July’s manufacturing production number rose by 5.4%, year on year, a big jump on the June number of 0.5%. Is this sustainable? We asked our experts.
Sizwe Nxedlana from FNB.
The index was boosted by strong growth in the production of: motor vehicles and parts (9.9% y/y), machinery and metal products (+7.9% y/y), glass and non-metallic mineral products (7.2% y/y) as well as food and beverages (6.1% y/y). On a month-on-month basis manufacturing production grew by 5%. We are encouraged to see that manufacturing output grew ahead of expectations in July and the purchasing managers’ index for August jumped to its highest level in 6 years. However, it is likely that near term manufacturing sector growth will be constrained by the striking in the automotive and components industry that occurred in August and is currently ongoing.
Nedbank’s Economic Unit:
The annual growth rate was mainly driven by the ‘basic iron and steel, non-ferrous metal products, metal products and machinery’ division which contributed 1,6 percentage points.
On a seasonally adjusted basis production rose by 5,0 % m-o-m. For the three months to July, manufacturing production increased by 2,2 % q-o-q mainly as a result of the ‘basic iron and steel, non-ferrous metal products, metal products and machinery’ division which accounted for 1,3 percentage points of the growth.
The seasonally adjusted Kagiso PMI showed some signs of improvement in August, rising to its highest level since August 2007 and staying above the key 50 level for over five months. Despite this, labour-related production disruptions are likely to have a negative impact on output growth in the short term. The sector will also continue to face subdued demand conditions. In the large export-orientated industries, output growth will be contained by the weak growth in the Eurozone, a more measured Chinese economy and weaker international commodity prices. However, the weaker rand will temporarily offset some of the pressures. At the same time, cost pressures will remain elevated, with high electricity costs, rising unit labour costs and expensive transport and logistics. In the inwardly-focused industries, demand conditions will also be broadly softer as household spending moderates and fixed investment activity remains weak.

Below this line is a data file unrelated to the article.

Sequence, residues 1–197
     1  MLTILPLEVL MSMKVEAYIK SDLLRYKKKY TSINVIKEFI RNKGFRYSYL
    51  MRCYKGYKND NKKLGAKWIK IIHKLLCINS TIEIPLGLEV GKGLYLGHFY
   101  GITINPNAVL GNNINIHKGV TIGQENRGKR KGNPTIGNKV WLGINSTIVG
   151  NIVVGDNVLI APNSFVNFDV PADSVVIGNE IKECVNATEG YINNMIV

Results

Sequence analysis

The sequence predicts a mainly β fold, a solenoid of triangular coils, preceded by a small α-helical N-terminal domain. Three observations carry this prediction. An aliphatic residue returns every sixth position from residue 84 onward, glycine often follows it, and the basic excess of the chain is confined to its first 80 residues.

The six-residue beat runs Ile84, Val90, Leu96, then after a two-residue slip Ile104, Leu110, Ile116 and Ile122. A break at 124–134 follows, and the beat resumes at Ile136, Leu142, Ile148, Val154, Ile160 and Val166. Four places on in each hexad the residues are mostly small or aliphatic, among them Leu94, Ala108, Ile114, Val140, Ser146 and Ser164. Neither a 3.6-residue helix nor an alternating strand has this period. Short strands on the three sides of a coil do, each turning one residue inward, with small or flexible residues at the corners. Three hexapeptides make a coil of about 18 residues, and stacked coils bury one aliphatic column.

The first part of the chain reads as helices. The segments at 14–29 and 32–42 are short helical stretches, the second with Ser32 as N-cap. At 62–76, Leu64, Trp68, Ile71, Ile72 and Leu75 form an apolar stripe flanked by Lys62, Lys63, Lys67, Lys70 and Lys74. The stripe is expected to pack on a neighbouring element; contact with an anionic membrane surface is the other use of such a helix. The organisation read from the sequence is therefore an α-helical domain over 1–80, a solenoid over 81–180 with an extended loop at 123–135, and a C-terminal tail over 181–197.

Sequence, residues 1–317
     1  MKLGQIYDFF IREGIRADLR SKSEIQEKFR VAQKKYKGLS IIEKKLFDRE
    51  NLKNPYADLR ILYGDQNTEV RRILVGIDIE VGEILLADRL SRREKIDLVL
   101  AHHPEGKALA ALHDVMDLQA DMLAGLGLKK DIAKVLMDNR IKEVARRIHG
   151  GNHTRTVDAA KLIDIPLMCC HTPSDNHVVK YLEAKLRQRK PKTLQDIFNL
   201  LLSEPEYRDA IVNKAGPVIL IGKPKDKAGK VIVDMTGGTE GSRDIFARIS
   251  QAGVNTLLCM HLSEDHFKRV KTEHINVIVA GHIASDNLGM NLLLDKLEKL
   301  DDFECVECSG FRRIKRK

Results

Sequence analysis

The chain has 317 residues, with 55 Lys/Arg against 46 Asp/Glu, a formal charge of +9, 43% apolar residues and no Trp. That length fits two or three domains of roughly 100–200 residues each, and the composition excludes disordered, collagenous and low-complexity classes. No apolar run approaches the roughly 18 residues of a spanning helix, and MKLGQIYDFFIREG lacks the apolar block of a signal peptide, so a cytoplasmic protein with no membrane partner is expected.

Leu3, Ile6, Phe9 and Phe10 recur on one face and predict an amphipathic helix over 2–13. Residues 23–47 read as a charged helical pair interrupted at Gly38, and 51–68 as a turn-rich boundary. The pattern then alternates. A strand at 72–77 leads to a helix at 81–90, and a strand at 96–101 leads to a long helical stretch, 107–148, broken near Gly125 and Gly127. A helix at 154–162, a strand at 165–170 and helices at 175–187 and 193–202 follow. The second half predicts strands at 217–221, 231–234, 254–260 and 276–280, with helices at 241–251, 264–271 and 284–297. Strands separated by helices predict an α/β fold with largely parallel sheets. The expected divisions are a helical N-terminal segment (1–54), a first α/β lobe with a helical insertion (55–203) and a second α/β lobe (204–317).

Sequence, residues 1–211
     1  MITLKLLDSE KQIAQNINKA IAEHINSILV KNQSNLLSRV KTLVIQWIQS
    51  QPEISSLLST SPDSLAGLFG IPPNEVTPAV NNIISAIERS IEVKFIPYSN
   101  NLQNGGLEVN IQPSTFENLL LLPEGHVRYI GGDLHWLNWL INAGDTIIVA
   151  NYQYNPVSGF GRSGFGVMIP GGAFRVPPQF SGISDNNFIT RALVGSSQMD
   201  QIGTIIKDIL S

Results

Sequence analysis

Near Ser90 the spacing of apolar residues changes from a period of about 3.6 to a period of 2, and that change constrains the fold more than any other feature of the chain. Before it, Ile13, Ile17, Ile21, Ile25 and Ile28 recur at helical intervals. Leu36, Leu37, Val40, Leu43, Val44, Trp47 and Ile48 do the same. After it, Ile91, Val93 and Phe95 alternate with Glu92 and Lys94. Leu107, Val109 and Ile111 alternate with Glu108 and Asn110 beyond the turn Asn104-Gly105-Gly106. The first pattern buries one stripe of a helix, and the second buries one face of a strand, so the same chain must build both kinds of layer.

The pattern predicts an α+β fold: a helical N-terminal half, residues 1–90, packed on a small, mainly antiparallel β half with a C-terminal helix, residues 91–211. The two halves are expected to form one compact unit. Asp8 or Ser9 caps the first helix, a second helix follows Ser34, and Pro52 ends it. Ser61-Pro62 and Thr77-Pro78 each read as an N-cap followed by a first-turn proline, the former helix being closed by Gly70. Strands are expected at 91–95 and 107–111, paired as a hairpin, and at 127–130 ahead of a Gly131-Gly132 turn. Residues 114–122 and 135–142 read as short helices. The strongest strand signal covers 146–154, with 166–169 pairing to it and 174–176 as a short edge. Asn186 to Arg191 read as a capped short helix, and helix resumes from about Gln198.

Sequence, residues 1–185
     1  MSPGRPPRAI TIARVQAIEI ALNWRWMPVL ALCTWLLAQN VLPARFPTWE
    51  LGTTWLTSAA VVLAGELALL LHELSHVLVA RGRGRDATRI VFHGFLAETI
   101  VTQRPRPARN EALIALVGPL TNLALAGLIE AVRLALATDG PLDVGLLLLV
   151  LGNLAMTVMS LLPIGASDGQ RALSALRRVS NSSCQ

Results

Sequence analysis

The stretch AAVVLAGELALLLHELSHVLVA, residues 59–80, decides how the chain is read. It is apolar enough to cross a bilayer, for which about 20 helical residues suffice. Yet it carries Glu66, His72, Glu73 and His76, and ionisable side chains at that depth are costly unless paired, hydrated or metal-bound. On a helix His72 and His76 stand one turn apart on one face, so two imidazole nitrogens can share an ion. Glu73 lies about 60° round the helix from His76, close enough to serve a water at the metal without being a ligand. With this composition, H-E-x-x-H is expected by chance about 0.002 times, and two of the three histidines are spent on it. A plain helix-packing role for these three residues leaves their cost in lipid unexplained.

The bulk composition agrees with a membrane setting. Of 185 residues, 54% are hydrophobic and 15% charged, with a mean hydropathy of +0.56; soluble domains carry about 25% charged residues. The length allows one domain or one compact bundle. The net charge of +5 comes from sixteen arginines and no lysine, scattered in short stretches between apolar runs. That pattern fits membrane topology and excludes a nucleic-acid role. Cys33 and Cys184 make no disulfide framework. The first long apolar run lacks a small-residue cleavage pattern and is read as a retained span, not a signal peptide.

Despite the better-than-expected expansion recorded in July, manufacturing production and exports are likely to remain subdued, limiting the pace of overall economic activity to around a modest 2 %. While growth remains contained and the risk to the downside, inflation is rising with the risk to the upside given the strife with labour and a weak and vulnerable rand. Consequently, the MPC will probably keep rates on hold until the second half of 2014.
This was welcome data, but the strike season is not yet over, and we must remain cautious.
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